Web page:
I never really understood the hooplah over Michael Lorenzen starting in the first place. Sure, maybe last year it wouldn’t have hurt to get him a few starts in lieu of the worse pitchers the team trotted out there instead, but in the long term vision, it’s obvious that Lorenzen isn’t one of the top options. He works best to me as a late inning reliever who can go multiple innings and give the team a good chance at limiting runs for a chunk of the game. That’s just as important to the team as a fifth starter to me anyway.

#10 – Cody Reed

Reasons for being this high: Awesome stuff; Former top prospect; Goggles
Reasons for not being higher: Struggles with mental aspect; Is he still tipping pitches?; Hasn’t proven it in spring
Spring Stats: 5.1 IP, 8.44 ERA, 4:2 K/BB, 12 hits, 5 ER, 1 HR

Spring has gotten off to a rough start for Reed, who might be blowing his last chance to prove he’s a starter at the big league level. He’s got nasty stuff, as shown in his time in AAA and a few spurts at the major league level, but he gets hit around a lot. The tune has stayed the same this spring, already having given up 12 hits in only 5.1 innings.

Whether or not he’s still tipping his pitches is a question that will need answering, and if it’s still an issue, it will need to be fixed if he ever wants to pitch at the big league level. If a hitter knows what you’re about to throw, not even the best stuff in the world would fool big league hitters for long, even coming out of the bullpen. I’m hoping something clicks for Cody Reed, because I’m a big fan.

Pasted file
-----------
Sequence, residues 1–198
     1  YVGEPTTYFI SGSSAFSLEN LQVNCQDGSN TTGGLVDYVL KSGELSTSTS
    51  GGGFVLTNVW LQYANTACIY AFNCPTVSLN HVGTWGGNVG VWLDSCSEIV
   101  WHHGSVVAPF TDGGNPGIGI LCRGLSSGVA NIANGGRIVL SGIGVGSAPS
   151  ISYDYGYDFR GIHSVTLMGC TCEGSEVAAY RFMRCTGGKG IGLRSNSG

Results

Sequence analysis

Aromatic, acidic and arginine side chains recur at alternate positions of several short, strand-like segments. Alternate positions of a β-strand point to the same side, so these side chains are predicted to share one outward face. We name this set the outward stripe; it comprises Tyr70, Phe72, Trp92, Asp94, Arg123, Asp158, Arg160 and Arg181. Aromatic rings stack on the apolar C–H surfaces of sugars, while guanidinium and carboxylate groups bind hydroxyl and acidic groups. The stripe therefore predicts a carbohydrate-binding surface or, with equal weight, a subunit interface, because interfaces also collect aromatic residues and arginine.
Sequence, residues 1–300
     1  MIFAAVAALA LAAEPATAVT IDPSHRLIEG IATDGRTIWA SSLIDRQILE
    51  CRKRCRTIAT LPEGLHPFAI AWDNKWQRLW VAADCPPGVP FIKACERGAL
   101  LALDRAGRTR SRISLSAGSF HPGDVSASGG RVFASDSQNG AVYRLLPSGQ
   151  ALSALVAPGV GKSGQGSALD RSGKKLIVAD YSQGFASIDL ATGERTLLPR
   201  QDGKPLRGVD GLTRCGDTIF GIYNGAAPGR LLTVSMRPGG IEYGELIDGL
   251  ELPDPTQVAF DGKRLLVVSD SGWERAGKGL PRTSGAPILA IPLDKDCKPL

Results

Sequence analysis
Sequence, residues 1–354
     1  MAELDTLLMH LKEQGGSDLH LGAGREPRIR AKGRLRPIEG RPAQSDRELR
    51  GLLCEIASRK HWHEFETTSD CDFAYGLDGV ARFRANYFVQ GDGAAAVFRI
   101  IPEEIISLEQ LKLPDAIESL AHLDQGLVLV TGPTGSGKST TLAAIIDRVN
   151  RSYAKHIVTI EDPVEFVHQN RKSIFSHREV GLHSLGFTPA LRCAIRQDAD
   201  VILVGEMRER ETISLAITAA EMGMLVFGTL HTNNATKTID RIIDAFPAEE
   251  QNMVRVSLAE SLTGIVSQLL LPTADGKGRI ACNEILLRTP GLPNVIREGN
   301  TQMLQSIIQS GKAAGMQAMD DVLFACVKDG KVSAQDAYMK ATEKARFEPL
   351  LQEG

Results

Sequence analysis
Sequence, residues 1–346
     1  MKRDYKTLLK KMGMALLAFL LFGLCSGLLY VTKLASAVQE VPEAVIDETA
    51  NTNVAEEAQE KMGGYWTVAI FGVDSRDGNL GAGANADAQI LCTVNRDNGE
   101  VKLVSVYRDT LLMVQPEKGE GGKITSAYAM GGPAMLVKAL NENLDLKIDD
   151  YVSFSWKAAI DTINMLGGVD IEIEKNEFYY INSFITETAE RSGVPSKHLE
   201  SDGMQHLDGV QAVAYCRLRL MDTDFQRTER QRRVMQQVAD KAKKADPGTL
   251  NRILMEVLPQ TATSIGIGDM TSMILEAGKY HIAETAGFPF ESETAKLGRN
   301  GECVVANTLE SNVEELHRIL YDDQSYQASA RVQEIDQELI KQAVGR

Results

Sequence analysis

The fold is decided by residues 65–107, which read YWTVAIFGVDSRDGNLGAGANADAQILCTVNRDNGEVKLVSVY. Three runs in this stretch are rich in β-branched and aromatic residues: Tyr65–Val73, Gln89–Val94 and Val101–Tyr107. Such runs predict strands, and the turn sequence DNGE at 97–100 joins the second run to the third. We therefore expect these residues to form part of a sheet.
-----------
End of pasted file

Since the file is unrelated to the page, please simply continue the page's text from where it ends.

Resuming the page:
So, here’s how I see the rotation taking shape on Opening Day:

  1. Homer Bailey
  2. Anthony DeSclafani
  3. Luis Castillo
  4. Amir Garrett

Brandon Finnegan will either start the season on the DL, in the bullpen, or AAA for a start or two. Romano, Stephenson and Mahle will start the season in AAA. If Finnegan isn’t ready to make the first start required by the fifth starter (potentially as late as April 12), one of either Romano or Stephenson will be called up to make that start, and slot into the fifth spot until Finnegan is either deemed ready, or is banished to the pen for life.

After the season get some steam behind it, the rotation should be constantly monitored for lapses in performance. As soon as someone is decidedly not cutting it at the big league level, they get replaced with the next man on the list, at least for a little while. Same goes for injuries – just plug in the next guy up.

What do you guys think? Has Amir Garrett done enough to establish himself as a no brainer? Will Brandon Finnegan be Aroldis Champan’d? Should Luis Castillo be starting on Opening Day? Discuss below!

30 Responses

  1. big5ed

    That is pretty much how I see it, as well, although I wouldn’t put it past Stephenson to get it together over his next 3 spring outings.